Since the end of the 1970s, a great variety of go-betweens have been set up to offer specialist services to foundations and individual donors. Some of these are market-driven. Others offer expertise on a certain topic (women, climate, etc), method (strategic planning, back office services, etc) or geographic region that a donor may not want to invest in itself.
- Recently, new kinds of go-betweens have emerged. Some private wealth management departments of banks or philanthropic advisers may act as intermediaries. Social stock exchanges, which already exist in Brazil and South Africa, will be the next level of intermediaries, creating transparency for civil society organizations. With the rise of the internet the number of so-called pass-through intermediaries grows steadily.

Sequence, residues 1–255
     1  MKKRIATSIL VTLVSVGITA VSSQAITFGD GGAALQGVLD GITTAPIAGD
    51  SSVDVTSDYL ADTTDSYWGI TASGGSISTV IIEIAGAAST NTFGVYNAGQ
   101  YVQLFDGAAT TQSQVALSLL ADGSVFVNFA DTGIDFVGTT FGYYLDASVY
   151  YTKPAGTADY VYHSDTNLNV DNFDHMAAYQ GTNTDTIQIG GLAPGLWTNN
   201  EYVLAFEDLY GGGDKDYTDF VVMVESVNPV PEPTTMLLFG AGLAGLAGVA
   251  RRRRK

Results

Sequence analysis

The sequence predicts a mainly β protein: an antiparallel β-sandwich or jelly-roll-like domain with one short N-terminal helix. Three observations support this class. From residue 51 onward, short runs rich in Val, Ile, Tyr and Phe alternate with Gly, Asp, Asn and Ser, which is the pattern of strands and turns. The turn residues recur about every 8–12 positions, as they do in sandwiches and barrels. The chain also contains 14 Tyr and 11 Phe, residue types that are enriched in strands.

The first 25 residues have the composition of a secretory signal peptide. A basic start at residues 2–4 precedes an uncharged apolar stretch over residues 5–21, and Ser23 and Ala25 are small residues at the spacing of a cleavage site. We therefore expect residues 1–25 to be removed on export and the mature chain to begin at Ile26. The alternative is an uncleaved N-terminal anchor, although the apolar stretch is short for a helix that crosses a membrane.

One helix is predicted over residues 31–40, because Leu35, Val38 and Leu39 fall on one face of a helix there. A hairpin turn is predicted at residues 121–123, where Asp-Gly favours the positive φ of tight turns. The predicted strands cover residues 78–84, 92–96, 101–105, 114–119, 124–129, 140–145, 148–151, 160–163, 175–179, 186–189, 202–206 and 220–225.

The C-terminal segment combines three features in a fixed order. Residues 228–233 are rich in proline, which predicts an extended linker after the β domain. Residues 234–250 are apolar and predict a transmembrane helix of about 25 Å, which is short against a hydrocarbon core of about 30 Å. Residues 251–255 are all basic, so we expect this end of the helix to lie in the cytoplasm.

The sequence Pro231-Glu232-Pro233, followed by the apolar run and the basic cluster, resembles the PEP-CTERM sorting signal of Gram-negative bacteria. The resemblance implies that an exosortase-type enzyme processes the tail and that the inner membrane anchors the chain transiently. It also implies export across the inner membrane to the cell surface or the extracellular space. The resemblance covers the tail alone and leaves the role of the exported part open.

- Intermediaries' local knowledge of conditions and laws, beneficiaries' needs, and opportunities and threats to effective grantmaking are highly valued.
- Forgoing the limelight may be one of the reasons donor find it difficult to work with intermediaries as they have to accept not owning a project or idea.